As a family we love cheese and all things Dairy. Gruyère -pretty little idyllic Swiss-French village that it is- is all about cheese and cream, and merited a minor pilgrimage from where we were staying on lake Geneva up into the alps. We arrived, had fondue, ate bowls of cream with berries, took pictures of the waitresses and tourist shop salespeople dressed up in variations of lederhosen, purchased a couple of keyring-sized swiss cowbells... and unexpectedly stumbled into a typically wild bar designed by Alien (the movie) set designer HR Giger.
Of all the places in the world he could have fallen in love with, he fell in love with picture-postcard, Heimat theme-park Gruyère, deciding that this all-smiling all-dancing hill top tourist mecca was to be the home of his significantly darker, mechanico-biological, violently pornographic, science fiction legacy. There is now a Giger museum near the apex of the village's High Street, and behind some medieval arched windows opposite lurks what looks like a vaulted room housing the museum's bar.
So from a town heavy on the cheese in every respect -from the food, to the camera snapping, to the nauseating cuteness of it all- you step into some full-on stage-set cheese Noir, beginning with the Pelvic-bone-and-spinal-column Umbrella rack.
Through the alien tables, giant swiveling spinal column chairs, spinal column vaulted ceiling, writhing and complaining wall of tiled babies etc etc. There is way too much of every element, with every square centimeter of the place taken up with one or another motif by the artist. Its wonderfully OTT.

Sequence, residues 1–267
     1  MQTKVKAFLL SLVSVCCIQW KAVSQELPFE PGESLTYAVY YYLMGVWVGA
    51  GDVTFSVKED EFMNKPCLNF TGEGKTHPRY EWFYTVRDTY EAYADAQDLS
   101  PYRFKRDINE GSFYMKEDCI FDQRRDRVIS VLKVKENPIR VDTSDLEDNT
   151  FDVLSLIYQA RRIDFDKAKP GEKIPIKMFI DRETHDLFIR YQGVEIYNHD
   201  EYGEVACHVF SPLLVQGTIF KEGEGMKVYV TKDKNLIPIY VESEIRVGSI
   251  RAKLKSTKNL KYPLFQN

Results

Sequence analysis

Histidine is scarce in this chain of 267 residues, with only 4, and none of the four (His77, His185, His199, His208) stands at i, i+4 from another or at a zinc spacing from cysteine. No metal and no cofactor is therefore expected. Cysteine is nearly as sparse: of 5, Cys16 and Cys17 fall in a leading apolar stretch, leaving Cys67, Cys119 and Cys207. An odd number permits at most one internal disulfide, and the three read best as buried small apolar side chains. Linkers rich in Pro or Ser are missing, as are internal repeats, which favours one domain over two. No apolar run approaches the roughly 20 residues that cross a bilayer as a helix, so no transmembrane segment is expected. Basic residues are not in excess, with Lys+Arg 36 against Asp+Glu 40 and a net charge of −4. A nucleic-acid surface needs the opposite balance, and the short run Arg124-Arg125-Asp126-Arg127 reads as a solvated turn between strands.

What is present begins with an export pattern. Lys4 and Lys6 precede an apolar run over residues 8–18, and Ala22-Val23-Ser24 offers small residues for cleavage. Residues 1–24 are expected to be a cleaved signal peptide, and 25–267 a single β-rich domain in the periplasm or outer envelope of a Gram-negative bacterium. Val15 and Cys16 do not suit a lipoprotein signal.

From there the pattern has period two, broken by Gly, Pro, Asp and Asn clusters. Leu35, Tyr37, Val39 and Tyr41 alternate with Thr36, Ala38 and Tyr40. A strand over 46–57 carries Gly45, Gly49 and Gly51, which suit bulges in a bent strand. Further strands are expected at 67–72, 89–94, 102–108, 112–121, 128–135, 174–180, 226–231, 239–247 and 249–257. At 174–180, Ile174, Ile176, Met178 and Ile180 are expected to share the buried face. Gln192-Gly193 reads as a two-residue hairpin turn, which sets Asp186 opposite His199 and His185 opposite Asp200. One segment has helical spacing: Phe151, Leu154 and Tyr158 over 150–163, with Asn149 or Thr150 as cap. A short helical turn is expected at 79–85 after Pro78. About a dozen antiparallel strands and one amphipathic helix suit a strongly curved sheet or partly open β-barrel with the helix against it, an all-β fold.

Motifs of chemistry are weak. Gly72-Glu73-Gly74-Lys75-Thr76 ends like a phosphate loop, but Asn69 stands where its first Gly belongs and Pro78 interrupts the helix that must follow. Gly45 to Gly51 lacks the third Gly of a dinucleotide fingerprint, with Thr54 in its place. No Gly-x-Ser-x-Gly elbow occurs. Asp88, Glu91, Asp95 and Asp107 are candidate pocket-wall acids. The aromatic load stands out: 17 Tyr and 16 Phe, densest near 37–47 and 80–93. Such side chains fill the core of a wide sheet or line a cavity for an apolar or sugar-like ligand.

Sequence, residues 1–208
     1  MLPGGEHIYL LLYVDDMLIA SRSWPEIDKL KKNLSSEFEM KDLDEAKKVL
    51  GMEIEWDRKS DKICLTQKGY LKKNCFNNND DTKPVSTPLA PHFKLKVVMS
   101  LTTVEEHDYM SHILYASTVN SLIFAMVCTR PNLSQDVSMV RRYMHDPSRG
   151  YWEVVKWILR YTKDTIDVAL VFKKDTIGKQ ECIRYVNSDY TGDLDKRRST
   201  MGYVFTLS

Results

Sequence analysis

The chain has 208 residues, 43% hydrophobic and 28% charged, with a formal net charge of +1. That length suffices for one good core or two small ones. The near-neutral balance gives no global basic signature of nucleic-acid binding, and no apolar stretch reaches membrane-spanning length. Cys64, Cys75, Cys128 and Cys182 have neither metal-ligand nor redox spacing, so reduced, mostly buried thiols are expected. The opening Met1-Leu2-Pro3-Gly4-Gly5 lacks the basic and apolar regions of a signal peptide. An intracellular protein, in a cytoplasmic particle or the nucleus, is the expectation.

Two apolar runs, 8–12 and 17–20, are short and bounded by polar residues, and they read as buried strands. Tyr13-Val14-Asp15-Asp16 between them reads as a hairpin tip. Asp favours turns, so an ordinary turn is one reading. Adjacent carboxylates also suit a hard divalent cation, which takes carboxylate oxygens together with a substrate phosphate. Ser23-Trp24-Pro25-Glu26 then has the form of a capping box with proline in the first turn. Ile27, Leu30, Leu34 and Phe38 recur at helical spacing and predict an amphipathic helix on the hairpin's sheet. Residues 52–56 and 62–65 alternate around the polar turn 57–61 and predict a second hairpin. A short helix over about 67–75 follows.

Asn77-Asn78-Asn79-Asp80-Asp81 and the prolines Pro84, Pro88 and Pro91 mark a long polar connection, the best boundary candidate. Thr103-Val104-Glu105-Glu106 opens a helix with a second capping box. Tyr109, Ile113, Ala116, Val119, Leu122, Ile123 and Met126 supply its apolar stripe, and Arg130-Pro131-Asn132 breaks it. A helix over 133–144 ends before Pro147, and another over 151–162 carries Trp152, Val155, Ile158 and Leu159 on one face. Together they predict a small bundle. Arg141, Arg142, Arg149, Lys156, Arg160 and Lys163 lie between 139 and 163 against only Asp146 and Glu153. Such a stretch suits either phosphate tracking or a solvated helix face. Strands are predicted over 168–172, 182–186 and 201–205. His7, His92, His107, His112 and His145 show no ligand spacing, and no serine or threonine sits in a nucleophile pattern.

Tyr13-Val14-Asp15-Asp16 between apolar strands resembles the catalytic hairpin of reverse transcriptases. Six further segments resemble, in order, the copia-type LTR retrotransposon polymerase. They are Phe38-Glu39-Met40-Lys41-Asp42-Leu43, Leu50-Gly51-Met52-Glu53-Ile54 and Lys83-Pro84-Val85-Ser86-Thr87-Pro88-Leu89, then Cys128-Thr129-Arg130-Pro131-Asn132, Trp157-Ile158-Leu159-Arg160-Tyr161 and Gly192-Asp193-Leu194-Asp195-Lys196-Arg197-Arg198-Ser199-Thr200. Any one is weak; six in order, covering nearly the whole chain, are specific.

It offers itself up to you with all the honesty of a good piece of horror-ride artifice, wearing the contradiction between its quite spectacular visual and lighting effects, and the crapness of the way its materials are all revealed to be light and hollow when you knock on them, very lightly and happily indeed.
It kind of redeemed Gruyere for me, because these cloyingly perfect towns were getting on my nerves a bit. They all seem to be taken-in by their own illusion, seeming to themselves believe the lie they peddle to visitors that they are somehow real and originally swiss, simply by virtue of their physical fabric being old (and usually this is a selective truth anyway, after certain 19C romantic remodelings).
Like St Paul de Vence in the Var, these tourist havens are quite violently pornographic in how they serve up, without context or content, narrative or depth, their limbs and ligaments, streets and facades, which hump away obediently and on cue in the background of family snapshots, smiling inanely like the beautiful old houses that they are, smiling the empty unhappy smile of someone getting fucked for money. This whole sad scenario is perpetuated by the incredible belief that it is precisely in amongst this industry of heritage exploitation, exactly in the middle of this terribly efficient engine of cultural annihilation, precisely in the empty hearts of places like Gruyere, with its "Artisanal" cheese and 15th century houses, devoid of economic independence and local life, that authenticity claims to be located.
And Giger, for me anyway, with his massively over the top interior slap bang in the heart of Authenticland, by virtue of ramping up the ridiculousness of his kitsch noir, acts as the perfect antidote to all the fake earnestness outside. The Giger bar doesn't pretend to be real but asks you to suspend your disbelief and enjoy its silliness and strangeness in a pact of knowing enjoyment; it is illusion. Gruyere and similar villages pretend to be real, and ask you to suspend your critical faculties and spend your euros in specificaly codified ways, in a pact of mutual exploitation; it is deception. The Giger bar brought this scenario out into sudden clarity and relief for me. It gives the truth to Gruyere's lie